Will Engagement Alone Help Utilities Keep Customers?

Alabama Power has received top marks for its quick customer response time on social media channels but is it enough?
Published: Sun 11 May 2014

Conversocial, a New York based provider of customer service software, carried out a study of how American electric utilities respond to customers on social media channels.

Impressive response time

For a one-week period in mid-April, Conversocial tracked the Twitter mentions and replies of 20 leading utilities, and graded them on response rate and time until response.

Of the 20 companies tracked, Alabama Power ranked second in both categories. The company responded to 40 percent of customer mentions, nearly twice the rate of the group average. Alabama Power's average response time of 9 minutes and 25 seconds was far ahead of the 5-hour, 39-minute average. Only four of the surveyed utilities averaged less than an hour to answer a customer.

"It's impressive that Alabama Power is handling a heavy volume while also keeping up a swift response time," said Conversocial marketing director Mike Schneider.

Real conversations with customers

Mr Schneider looked beyond the raw data, and praised Alabama Power's commitment to keeping the conversation in the social space. He said many companies rely on automated replies that funnel customers to more traditional platforms.

"It's excellent that Alabama Power is having real conversations, and staying within channel," Schneider said. "A customer experience on Twitter should stay on Twitter, instead of pushing them to phone or email."

Alabama Power's social media response starts with a dedicated Online Service and Support team, with responsibility for both email inquiries and social media mentions from customers. The team anchors a schedule that covers Facebook and Twitter from 7 a.m. until 10 p.m. on weekdays, and 8 a.m. until 9 p.m. on weekends.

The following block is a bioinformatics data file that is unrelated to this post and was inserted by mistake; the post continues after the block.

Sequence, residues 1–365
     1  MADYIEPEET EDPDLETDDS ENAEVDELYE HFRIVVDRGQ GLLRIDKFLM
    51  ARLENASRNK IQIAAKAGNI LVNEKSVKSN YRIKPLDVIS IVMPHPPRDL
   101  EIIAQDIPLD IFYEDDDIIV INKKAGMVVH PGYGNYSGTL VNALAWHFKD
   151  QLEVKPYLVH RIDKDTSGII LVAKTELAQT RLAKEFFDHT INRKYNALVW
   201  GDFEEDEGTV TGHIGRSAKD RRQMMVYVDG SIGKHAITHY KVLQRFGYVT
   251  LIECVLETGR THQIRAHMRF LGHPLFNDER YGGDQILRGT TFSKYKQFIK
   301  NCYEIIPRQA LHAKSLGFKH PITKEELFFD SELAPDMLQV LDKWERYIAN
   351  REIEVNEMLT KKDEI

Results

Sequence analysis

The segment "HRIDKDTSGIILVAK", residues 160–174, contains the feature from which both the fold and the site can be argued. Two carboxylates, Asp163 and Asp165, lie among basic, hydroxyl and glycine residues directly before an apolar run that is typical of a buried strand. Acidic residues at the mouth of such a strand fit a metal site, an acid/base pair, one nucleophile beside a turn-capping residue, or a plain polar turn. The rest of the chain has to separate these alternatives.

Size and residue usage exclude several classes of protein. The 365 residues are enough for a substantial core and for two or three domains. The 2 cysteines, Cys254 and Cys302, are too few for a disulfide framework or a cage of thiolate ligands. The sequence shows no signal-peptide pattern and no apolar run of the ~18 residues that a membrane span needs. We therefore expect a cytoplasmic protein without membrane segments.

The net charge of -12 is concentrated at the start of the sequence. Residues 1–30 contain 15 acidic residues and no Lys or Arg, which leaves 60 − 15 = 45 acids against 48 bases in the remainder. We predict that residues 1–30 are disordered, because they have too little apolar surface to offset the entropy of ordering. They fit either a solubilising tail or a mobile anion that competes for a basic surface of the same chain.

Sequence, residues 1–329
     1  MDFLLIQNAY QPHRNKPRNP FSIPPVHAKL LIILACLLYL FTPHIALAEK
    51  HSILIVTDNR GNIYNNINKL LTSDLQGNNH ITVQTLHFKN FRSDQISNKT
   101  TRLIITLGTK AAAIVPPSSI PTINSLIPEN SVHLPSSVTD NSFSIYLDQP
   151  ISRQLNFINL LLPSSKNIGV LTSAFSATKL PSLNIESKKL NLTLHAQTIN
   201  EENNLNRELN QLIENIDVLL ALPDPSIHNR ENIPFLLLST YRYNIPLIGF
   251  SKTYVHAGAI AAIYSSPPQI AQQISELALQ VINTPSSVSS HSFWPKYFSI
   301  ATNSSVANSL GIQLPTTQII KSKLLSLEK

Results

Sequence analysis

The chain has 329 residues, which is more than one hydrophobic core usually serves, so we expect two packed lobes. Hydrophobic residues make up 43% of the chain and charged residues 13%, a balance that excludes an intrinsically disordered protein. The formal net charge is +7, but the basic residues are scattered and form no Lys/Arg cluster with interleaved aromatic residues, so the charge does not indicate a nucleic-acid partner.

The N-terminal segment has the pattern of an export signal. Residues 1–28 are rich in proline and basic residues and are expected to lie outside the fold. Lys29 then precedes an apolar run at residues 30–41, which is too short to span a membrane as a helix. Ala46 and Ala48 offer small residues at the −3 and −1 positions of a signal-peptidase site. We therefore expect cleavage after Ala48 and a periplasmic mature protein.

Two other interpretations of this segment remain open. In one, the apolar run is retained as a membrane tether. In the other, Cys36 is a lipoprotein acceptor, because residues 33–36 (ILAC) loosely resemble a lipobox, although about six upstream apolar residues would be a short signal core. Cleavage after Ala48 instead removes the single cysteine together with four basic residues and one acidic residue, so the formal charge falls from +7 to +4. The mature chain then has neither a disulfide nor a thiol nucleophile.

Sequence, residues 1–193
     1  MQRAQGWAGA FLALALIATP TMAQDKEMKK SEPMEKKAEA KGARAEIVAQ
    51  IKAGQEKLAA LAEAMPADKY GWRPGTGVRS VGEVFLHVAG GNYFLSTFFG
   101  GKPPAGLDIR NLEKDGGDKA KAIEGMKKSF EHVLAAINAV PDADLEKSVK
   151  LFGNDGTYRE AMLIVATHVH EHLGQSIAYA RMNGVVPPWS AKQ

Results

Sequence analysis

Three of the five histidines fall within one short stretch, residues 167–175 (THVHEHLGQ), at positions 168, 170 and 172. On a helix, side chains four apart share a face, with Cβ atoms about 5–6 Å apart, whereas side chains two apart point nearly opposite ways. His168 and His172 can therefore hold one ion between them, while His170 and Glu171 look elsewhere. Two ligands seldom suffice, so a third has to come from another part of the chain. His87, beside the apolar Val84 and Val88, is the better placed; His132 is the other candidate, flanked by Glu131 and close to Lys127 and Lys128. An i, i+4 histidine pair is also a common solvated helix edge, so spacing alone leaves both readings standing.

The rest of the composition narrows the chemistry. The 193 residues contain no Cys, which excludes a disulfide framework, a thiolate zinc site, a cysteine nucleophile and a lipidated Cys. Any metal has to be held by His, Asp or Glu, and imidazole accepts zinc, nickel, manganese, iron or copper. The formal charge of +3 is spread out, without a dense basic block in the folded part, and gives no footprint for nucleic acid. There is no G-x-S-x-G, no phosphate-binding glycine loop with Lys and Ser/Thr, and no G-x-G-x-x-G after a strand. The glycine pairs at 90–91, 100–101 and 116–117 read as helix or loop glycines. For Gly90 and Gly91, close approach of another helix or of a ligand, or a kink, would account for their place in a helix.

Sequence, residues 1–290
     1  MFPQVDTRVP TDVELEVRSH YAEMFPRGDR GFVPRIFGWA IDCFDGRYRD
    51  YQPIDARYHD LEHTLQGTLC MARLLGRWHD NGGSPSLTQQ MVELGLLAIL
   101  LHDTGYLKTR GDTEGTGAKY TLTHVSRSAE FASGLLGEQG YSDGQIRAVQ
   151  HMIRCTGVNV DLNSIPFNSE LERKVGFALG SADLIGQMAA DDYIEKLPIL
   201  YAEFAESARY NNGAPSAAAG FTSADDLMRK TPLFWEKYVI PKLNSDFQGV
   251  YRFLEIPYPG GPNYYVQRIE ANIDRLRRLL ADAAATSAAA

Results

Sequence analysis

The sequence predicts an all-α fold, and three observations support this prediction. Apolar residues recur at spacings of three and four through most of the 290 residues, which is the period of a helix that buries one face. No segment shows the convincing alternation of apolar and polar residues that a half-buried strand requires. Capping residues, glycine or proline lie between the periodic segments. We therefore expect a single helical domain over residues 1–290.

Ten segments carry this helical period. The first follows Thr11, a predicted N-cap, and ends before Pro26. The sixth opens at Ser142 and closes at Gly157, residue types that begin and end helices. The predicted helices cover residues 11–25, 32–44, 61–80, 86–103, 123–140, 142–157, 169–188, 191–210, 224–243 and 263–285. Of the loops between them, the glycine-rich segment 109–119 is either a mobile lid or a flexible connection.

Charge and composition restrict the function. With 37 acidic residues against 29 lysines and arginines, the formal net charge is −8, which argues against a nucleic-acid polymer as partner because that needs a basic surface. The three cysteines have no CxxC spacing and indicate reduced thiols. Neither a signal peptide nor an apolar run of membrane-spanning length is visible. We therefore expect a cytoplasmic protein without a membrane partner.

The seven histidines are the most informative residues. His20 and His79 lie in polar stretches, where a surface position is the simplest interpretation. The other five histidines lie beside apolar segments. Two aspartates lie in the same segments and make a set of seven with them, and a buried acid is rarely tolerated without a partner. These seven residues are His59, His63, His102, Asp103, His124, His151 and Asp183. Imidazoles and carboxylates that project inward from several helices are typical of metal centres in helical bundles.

But, is it enough to keep the customer?

A number of customers are leaving their power producers to either sign up with another power producer for better prices and /or services or to leave the grid altogether to produce their own power. As clean energy technology costs plummet, as well as the installation costs, utilities will need to focus more on the customers’ needs-and beyond.

We have to ask whether a quick response time to customer queries is enough to keep the customer engaged. Probably not. While customer engagement may gain trust and keep a few customers engaged in the future, the lure of self-generated free solar power, along with energy storage solutions may just win the day.

It’s time for utilities to reach beyond excellent customer service in order to remain viable.

Further reading:

Conversocial-Re-Energizing The Customer Experience for Utilities with Social Customer Service